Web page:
As mentioned, the conversation between Innstetten and Wüllersdorf marks the heart of Effi Briest as a critical work that deals with the inclination to corroborate society’s iniquities, albeit acknowledging them. This part of the story with its social overtones must also be central for Fassbinder whose adaptation’s full title is “Fontane Effi Briest or Many People Who Are Aware of Their Own Capabilities and Needs Just Acquiesce to the Prevailing System in Their Thoughts and Deeds, Thereby Confirm and Reinforce It.”11 Fassbinder’s rendition of the meeting between Innstetten and Wüllersdorf is not only one of the longest scenes in the film, but it is also unique in its cinematic execution. Although Fassbinder reproduces the conversation between the men verbatim in its entirety, the adapted scene differs considerably from the original in terms of dynamics: in the novel, Innstetten is agitated; he “was walking up and down again and, with the restlessness that was eating away at him, would have liked to remain in motion. But he saw that was not possible, so he took a cigar himself, sat down opposite Wüllersdorf, and tried to remain calm” (Fontane 187). When Wüllersdorf was asking him whether he must do it, Innstetten “[j]umped up, went over to the window, and tapped the glass, full of nervous agitation. Then he quickly turned around again, strode over to Wüllersdorf, and said…” (Fontane 188). In Fassbinder’s adaptation, Innstetten is balanced, either standing almost motionlessly or walking around calmly while Wüllersdorf is sitting at the piano playing excerpts from the second movement of Beethoven’s Sonata Pathétique. The effect of this diversion from the novel is a more rigid, overpowering portrait of Innstetten. The Beethoven excerpt has a similar effect: as he is playing while talking, Wüllersdorf occasionally interrupts the music to arrange his thoughts, and so in repeatedly interrupting one of the most famous emotional pieces of the Western canon (Pathétique), the scene exclaims the ban of emotions from Innstetten’s deterministic worldview and actions.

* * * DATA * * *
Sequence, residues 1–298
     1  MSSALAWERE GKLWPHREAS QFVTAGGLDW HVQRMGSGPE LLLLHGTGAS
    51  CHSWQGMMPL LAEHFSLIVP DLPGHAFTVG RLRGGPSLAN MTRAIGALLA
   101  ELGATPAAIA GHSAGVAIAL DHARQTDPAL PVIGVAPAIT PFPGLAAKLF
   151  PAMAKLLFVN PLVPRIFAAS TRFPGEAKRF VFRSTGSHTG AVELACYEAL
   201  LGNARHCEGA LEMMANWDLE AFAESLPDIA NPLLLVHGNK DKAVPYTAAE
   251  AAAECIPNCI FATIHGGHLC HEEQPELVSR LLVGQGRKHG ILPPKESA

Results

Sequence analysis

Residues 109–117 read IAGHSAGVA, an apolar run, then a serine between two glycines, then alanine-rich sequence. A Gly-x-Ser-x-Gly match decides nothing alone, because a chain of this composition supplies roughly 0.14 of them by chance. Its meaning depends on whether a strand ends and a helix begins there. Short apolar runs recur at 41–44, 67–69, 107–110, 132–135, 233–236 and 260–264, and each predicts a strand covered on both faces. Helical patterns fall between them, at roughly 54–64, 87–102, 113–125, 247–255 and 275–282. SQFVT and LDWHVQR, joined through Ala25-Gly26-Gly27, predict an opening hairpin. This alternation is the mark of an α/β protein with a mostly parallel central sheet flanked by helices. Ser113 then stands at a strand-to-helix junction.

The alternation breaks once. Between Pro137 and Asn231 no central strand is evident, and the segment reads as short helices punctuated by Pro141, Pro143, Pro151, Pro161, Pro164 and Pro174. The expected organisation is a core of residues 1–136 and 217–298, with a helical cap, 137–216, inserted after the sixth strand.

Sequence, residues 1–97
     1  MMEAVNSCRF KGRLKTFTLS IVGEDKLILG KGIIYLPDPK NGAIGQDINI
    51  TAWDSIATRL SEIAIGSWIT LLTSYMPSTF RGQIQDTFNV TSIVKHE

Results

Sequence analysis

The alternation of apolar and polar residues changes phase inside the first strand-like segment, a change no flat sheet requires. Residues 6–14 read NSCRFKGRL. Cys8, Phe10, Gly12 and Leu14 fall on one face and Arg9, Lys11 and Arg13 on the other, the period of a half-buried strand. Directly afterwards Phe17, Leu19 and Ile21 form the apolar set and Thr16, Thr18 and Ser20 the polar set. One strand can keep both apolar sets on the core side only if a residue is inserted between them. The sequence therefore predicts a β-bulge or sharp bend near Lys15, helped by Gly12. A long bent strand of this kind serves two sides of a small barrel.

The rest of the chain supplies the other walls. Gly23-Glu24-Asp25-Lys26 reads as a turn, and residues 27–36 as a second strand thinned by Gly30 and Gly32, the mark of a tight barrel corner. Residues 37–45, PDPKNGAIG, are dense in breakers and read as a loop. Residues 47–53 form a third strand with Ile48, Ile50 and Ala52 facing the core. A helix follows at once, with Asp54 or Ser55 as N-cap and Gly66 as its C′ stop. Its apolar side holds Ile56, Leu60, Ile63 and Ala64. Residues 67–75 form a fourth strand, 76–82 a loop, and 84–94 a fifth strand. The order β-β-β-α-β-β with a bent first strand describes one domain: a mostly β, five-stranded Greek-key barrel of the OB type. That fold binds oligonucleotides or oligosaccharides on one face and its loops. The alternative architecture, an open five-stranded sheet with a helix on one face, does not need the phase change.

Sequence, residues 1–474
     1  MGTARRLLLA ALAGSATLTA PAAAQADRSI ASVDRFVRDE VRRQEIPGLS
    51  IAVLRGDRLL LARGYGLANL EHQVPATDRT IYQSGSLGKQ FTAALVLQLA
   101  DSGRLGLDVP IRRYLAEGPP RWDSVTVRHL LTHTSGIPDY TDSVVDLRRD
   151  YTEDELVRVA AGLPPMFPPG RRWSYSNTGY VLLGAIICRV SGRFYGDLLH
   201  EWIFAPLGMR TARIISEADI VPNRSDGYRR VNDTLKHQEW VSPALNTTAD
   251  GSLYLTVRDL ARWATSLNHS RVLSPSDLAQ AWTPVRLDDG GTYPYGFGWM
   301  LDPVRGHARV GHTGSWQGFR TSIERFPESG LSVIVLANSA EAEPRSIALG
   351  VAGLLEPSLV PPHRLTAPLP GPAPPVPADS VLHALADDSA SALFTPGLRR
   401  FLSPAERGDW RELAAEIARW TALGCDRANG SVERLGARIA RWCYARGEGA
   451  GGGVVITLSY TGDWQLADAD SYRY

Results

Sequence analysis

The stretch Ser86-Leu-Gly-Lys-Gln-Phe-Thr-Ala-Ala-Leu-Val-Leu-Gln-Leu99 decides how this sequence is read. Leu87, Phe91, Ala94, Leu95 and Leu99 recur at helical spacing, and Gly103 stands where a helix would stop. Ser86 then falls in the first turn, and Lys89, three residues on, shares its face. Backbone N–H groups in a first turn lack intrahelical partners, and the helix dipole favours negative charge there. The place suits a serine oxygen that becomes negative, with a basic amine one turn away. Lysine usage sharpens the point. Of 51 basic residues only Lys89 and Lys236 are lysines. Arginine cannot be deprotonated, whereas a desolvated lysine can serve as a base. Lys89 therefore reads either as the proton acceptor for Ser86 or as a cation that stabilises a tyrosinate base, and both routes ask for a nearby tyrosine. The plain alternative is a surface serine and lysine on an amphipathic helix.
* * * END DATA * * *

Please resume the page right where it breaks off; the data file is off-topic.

The most striking aspect of the scene, however, is its employment of montage. Throughout the dialogue, images of the conversing men are intercut by means of dissolve with images of transportation in motion: a large intercity train, a smaller local train, and finally a small horse-drawn carriage. The scene alternates no less than five times between the Berlin apartment where the men converse and the journey to Kessin where the Duel is to be held. By the scene’s very end, just as Wüllersdorf utters the words “but we have to submit as long as the idol rules,” it cuts to a close-up of a firing pistol, creating a simultaneity of Innstetten’s decision and its effect. The scene presents yet another type of simultaneity by its uncommon employment of crosscutting. While crosscutting is conventionally used to signify parallel occurrences, here—in its only use in the film—rather than linking events that take place in the same time, it links events that take place in different times. The employment of dissolve, however, which literally synthesizes the two timelines into a single cinematic moment, actualizes a future that lies within the present (see Figure 3).